Spent the better part of the morning virtually touring Historic Auto Attractions in Roscoe, Illinois, where, per Roadside America's rave, "the fireplace mantle on which President Truman signed the order to bomb Hiroshima is only a few feet from a pickup truck used on Sanford and Son" and "Colonel Klink's uniform shares a wall with Hitler's staff car." Even virtually, and Wayne Lensing's museum is closed till spring, you can get lost in the joint; it puts the pop in pop culture.
For our purposes this morning we'll visit the Lee Harvey Oswald Display, which contains, among other things, a chair from the Texas Theater, the uniform of the officer (Nick McDonald) who arrested Oswald there, the honest-to-God Klein's Sporting Goods Catalog from which "A. Hidell" ordered his Carcano rifle ... and Oswald's original tombstone, stolen from Rose Hill Cemetery by two teens from Oklahoma on November 22, 1967. Quite the hodgepodge.
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As the museum website explains, and this is the part of the story no one disputes, the tombstone was retrieved and returned Marguerite Oswald, Lee's mom, who hid it beneath her Fort Worth home. And there is stayed, till, writes Lensing:
[Marguerite's] home got resold and some time passed before the new owners discovered it. In 2009 the husband passed away and the widow decided to donate it to Historic Auto Attractions which displays one of the largest collections of Kennedy Artifacts in the world. So the stone is now part of our collection for all to see.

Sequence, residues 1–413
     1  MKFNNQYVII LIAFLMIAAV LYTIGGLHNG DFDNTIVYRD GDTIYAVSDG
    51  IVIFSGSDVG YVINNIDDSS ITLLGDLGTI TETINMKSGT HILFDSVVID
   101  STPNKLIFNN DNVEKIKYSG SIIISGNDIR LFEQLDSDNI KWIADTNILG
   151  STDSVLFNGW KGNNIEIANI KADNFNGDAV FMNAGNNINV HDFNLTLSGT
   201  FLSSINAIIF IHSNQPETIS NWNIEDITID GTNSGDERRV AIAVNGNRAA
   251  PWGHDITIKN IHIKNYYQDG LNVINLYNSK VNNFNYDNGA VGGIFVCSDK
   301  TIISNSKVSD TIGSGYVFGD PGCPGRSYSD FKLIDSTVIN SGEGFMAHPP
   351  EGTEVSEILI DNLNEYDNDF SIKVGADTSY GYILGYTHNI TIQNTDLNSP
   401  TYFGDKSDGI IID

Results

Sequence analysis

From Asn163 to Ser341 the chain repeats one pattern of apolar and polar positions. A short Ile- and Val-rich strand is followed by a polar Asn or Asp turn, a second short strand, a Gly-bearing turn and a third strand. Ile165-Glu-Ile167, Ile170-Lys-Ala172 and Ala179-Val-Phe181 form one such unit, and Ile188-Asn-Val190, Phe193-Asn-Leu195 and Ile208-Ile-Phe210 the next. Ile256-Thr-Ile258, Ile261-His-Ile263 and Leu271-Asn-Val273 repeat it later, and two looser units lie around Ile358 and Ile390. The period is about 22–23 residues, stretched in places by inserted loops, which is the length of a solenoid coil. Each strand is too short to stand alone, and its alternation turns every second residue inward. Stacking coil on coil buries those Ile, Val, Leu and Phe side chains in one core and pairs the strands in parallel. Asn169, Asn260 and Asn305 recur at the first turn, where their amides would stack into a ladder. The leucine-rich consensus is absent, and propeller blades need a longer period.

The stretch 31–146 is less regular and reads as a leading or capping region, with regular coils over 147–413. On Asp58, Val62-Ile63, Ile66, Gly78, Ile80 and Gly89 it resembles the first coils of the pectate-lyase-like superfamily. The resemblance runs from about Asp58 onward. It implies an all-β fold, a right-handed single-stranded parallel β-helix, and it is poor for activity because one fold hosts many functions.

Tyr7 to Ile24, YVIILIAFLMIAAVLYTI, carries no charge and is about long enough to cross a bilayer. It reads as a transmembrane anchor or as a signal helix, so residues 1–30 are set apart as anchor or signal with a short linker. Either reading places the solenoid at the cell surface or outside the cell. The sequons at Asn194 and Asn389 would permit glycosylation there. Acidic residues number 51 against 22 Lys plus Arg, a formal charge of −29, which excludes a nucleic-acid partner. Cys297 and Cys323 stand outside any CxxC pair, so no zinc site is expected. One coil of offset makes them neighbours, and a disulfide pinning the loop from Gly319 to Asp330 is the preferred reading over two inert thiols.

But the story's proving much more complicated than that. Turns out, someone here wants the tombstone back -- none other than David Card, namesake and owner of Poor David's Pub, whose father and stepmother bought Marguerite's house in '81 and discovered the grim keepsake beneath the house a few years later. As Steve Blow noted in The News a few weeks ago, "After its rediscovery, Card's parents hauled the stone to his aunt's house in Fort Worth for safekeeping."
But in time, that side of the family died off; the sole survivor is cousin Johnny Ragan's wife Holly. And according to Lensing in this morning's Rockford Register Star in Illinois, she reached out to him through Unfair Park's across-the-street neighbor Heritage Auctions. Says Lensing, he came to Dallas "and worked out a deal, inspected it and brought it back here." Only, David Card and stepsister Cleo Lowe say it wasn't Holly's to sell, and they want it back -- in part because Card wants to put it in, oh, the Sixth Floor Museum. Says he: "This isn't a crank pursuit of a quirky item. It's a serious pursuit of a historical artifact." Forthcoming, sooner than later: The Lawsuit Over Lee Harvey Oswald's Tombstone.